You want to know what kind of school you’re getting into, not just academically, but culturally. You want to go to a “fun” school. A school with lots of “freedom.” A school where you can “experiment” and “grow.”

So when reputable sources like The Princeton Review — and less reputable sources like College Prowler — rank schools according to alcohol consumption and partying, and then friends and websites tell you you’ll have the most fun at schools where these things are common, it plays into your decision making.

My school was definitely teased for its “tameness” — it’s comparable “innocence” — which shouldn’t have bothered me, but sometimes it did.

Such teasing and harassment begins in high school, before students even begin applying to college, and it affects them to varying degrees. Now, this wouldn’t matter if typical peer-pressure and the arc of popularity didn’t lean toward wild parties, but they very often do.

It’s too bad that some kid who’s thinking of going to Wheaton or Biola will feel embarrassed about it. It’s too bad that a Spring Arbor or Seattle Pacific applicant will know the nagging feeling that if she goes to one of those schools, she may be in danger of having less “fun.”

The embarrassment would be misplaced. The nagging would be wrong. But that doesn’t make the feelings any less real.

Christianity is not boring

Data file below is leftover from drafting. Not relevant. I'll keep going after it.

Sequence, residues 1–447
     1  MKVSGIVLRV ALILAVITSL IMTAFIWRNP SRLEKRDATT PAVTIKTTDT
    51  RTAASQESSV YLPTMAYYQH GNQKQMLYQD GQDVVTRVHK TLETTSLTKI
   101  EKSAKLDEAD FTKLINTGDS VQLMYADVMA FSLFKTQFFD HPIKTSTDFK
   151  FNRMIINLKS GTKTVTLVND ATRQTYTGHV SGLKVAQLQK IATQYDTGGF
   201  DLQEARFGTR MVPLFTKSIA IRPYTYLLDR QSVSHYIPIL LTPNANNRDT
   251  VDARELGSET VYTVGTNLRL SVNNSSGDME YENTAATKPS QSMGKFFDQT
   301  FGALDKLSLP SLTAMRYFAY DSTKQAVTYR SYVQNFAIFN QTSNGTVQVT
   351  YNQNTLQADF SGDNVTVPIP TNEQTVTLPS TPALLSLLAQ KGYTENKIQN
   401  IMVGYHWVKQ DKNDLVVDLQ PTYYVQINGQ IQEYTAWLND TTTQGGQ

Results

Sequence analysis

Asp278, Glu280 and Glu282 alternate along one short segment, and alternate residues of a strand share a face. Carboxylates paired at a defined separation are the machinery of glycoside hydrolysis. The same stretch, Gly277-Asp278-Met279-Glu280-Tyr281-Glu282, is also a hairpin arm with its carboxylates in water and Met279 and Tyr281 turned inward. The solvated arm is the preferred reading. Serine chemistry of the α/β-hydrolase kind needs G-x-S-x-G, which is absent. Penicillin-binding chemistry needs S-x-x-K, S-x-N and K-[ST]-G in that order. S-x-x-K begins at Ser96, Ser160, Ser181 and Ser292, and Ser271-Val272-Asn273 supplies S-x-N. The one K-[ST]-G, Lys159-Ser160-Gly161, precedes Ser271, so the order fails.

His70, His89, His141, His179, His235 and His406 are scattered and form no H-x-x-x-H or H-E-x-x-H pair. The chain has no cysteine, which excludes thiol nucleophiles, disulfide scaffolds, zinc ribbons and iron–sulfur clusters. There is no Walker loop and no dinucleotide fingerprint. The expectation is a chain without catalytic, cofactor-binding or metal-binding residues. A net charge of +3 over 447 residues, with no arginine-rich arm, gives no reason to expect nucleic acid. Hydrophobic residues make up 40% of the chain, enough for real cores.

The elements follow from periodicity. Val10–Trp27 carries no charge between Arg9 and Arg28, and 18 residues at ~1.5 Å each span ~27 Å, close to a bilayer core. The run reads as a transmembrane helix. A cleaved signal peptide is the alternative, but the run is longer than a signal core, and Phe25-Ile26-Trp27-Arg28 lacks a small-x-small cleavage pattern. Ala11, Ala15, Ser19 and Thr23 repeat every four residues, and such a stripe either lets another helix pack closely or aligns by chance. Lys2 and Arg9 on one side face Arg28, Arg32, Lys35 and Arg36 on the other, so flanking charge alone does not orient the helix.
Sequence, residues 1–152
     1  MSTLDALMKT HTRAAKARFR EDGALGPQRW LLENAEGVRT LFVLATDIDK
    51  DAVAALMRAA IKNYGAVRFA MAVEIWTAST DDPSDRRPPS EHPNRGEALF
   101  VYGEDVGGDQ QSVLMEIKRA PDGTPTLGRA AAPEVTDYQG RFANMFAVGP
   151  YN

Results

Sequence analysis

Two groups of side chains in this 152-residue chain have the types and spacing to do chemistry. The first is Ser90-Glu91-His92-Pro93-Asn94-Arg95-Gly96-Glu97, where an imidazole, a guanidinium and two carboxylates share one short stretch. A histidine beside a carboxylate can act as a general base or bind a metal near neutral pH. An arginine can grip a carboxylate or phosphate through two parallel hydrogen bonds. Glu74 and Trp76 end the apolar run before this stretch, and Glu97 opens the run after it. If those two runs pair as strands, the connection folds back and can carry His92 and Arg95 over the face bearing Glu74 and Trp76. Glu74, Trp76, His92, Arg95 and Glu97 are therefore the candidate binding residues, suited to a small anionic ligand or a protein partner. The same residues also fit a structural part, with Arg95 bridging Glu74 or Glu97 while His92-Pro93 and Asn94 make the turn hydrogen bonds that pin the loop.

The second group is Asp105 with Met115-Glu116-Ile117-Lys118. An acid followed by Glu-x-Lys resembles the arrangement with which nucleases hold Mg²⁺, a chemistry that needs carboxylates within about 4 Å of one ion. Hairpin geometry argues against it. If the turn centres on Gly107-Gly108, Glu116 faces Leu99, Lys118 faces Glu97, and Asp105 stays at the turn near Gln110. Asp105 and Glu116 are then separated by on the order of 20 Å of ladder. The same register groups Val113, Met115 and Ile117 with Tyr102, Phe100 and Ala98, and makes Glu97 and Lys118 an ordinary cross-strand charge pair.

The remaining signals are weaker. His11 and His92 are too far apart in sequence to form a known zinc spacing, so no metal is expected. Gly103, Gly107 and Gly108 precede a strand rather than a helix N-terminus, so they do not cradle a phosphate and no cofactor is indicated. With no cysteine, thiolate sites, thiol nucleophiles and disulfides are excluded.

The more searing thing about these rankings are what they imply — or downright proclaim — about Christian college: that they’re boring.

If not getting blind drunk every weekend makes one boring, perhaps they’re right. If not burning couches in the street is synonymous with “lameness,” perhaps these schools really are lame. (Sidenote: I don’t say this as a matter of pride, but, to be fair, some students get blind drunk and light things on fire at Christian schools too).

I went to a Christian school — though it didn’t make the “most boring” list — and I rarely felt bored. It certainly isn’t a word I’d use to describe my experience. In fact, I’d call my undergraduate experience very fun and free.

The problem is that when we define “fun” and “freedom” as the opportunity — even the prevalence — of drunken ragers, we hugely limit the scope of what could ever be fun or freeing. Christianity — and certainly Christian education — could never be fun or freeing by this definition.

But, in reality, Christian schooling can be a lot of fun. In my experience, it exposed me to a lot of opportunities. It gave me a lot of room to experiment. And, frankly, if I wanted to get hammered every night and go to parties, I absolutely could have done that. The difference at Christians schools (generally speaking) is that those kinds of activities aren’t painted as the funnest options available.

If the funnest things going at your school is a alcohol-infused party that many won’t be able to remember, perhaps that school is the one lacking fun and freedom. And if a Christian school — or any school, for that matter — allows you to have fun without the hangover, they’re probably doing something right. Wouldn’t you rather go there, even if it’s labeled “boring?”